Several litigations have arisen because of the use of contract labour in the so called “core activity” and number of notifications have been issued prohibiting the companies to employ contract labour for some specified work. At present, an establishment is not prohibited, in general, to employ contract workers for the core activities. But government has the power to prohibit use of contract labour in any activity of the establishment. 2. Contract Labour Act in India – A Pragmatic View, (research paper) by Meenakshi Rajeev (2009): The following were the main highlights of the research paper: *
The research reveals that many of the statutory obligations made under the Act which were laid down to protect the contract labours are not being followed in practice. * Among the kinds of employment that have been created in the economy to circumvent labour laws, contract labour is becoming one of the prominent forms. * There are number of unlicensed contractors who deduct P.F. contribution from the contract workers but never deposit it in the P.F. office * Research showed that some of the companies maintained more than one register, one for the labour inspector and another for itself.
3. Downsizing Versus Contract Labour System, Productivity. Vol. 39 (1), April-June by E.M. Rao (1998): Highlights of the paper are: * Cutting of jobs post liberalization via Voluntary Retirement Scheme has led to continuous skill drain leading to poor productivity which has forced employer to use contract labours for skilled jobs. * In most cases, contractors are de facto employees of principal employer, operating as contractor & claiming another legal entity just for the name sake. *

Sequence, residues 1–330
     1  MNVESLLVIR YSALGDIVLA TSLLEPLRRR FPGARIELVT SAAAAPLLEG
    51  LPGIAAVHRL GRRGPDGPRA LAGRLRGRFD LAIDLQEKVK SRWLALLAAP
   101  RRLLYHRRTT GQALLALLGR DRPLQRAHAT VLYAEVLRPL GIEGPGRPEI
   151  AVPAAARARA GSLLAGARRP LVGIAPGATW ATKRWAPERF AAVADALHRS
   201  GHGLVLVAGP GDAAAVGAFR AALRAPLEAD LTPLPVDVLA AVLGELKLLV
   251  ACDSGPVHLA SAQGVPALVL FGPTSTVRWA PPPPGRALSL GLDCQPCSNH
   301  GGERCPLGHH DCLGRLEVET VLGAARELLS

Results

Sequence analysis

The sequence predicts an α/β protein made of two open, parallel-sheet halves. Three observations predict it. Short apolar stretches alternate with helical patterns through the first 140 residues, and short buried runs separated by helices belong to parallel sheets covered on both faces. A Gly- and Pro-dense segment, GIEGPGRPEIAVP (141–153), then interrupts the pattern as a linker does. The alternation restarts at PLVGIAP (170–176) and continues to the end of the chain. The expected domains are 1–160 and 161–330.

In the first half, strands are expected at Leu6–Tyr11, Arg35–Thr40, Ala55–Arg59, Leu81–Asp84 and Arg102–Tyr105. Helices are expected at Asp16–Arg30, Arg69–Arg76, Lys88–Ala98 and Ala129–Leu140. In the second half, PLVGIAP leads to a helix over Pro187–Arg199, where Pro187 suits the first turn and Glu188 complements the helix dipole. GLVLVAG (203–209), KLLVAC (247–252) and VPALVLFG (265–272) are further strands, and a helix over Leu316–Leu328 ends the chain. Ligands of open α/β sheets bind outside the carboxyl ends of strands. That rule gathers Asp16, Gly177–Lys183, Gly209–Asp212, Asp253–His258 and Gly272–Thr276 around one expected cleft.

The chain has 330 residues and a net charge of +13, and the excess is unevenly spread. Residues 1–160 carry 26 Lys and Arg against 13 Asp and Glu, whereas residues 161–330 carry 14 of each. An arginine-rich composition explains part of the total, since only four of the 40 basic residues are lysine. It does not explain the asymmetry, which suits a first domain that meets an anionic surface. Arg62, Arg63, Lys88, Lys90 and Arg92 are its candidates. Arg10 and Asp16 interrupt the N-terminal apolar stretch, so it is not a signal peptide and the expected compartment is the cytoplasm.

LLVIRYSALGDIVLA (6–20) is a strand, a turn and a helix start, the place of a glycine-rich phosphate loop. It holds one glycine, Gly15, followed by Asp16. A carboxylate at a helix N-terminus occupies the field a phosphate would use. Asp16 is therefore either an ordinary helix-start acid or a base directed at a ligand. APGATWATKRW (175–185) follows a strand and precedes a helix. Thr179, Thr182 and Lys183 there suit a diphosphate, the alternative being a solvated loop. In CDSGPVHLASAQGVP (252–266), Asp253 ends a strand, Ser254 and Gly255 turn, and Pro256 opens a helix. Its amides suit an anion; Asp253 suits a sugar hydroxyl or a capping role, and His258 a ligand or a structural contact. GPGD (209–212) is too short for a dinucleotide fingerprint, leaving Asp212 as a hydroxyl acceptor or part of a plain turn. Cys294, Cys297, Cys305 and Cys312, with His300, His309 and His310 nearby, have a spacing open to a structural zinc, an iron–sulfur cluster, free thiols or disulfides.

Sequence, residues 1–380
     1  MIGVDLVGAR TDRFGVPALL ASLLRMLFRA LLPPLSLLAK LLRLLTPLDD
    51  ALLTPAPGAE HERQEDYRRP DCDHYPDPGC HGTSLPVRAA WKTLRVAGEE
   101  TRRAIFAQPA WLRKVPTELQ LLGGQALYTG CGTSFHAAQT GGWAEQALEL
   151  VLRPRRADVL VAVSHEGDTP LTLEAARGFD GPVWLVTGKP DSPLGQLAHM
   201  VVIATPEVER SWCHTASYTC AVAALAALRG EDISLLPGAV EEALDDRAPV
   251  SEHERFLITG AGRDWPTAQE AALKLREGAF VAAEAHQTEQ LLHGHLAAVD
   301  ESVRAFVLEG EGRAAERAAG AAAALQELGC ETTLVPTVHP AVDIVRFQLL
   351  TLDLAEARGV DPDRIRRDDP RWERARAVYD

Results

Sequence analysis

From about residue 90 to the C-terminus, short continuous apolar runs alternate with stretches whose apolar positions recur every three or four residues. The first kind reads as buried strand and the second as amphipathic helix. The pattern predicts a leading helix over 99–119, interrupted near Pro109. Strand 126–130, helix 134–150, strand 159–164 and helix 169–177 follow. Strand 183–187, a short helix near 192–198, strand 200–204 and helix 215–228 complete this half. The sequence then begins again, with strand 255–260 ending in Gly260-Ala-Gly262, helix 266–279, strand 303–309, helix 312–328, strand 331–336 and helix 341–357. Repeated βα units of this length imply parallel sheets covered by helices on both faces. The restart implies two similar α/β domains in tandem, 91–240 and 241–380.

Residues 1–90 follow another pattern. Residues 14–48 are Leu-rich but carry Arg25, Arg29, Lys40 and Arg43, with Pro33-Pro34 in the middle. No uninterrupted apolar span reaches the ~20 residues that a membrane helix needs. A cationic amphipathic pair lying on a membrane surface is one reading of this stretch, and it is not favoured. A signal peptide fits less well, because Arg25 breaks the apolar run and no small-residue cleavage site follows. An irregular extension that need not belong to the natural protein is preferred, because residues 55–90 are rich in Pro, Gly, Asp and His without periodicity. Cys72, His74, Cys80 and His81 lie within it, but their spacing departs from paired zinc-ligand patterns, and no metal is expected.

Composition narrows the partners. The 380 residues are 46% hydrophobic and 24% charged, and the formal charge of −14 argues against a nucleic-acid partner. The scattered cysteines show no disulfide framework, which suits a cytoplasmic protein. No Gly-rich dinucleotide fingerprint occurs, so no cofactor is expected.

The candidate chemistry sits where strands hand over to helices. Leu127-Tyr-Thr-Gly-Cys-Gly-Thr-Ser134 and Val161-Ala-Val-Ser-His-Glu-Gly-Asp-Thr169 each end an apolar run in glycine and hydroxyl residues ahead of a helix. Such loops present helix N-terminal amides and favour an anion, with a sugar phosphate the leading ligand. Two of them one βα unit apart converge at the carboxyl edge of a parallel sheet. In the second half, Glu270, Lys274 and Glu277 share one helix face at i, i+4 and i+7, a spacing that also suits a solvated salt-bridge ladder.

Regulations in the law makes retrenchment of permanent employees practically impossible * Although the Act is placed on the statute book with all benevolent intentions, the legislature has not provided due relief to the concerned workmen
4. Study Report by Tata Institute of Social Sciences and Navjeevan Samiti on ‘Wages and Work Conditions of Contractual Conservancy Workers’ (April, 2008): The following were the main highlights of the report:
* Conservancy work is perennial in nature and so contract labour should not be employed for performing the same. * Where contract workers are engaged alongside the permanent workers in the same task, the issue of ‘Equal Pay for Equal Work’ emerges and need to be addressed. * Working conditions are very poor; compounded by the fact that core work itself is hazardous to heath. * Contract workers are mostly not provided any kind of safety gears.
OBJECTIVE The basic objective is to study the Contract Labour System of India over the years analysing whether it has been able to fulfil the purpose for which the Act was enacted. The major points of the study are: * To review the various history of case judgements related to the act and to highlight the implications of the same on contract labours & other stake holders * To find out whether the purpose for which the Contract Labour Regulation & Abolition Act, 1970 was enacted has been fulfilled * To study the impact of liberalization & globalization on the system of contract labour * To review the reasons behind contemporary issues related to contract labour * And finally, to see what changes can be brought in the current system for its improvement through recommendations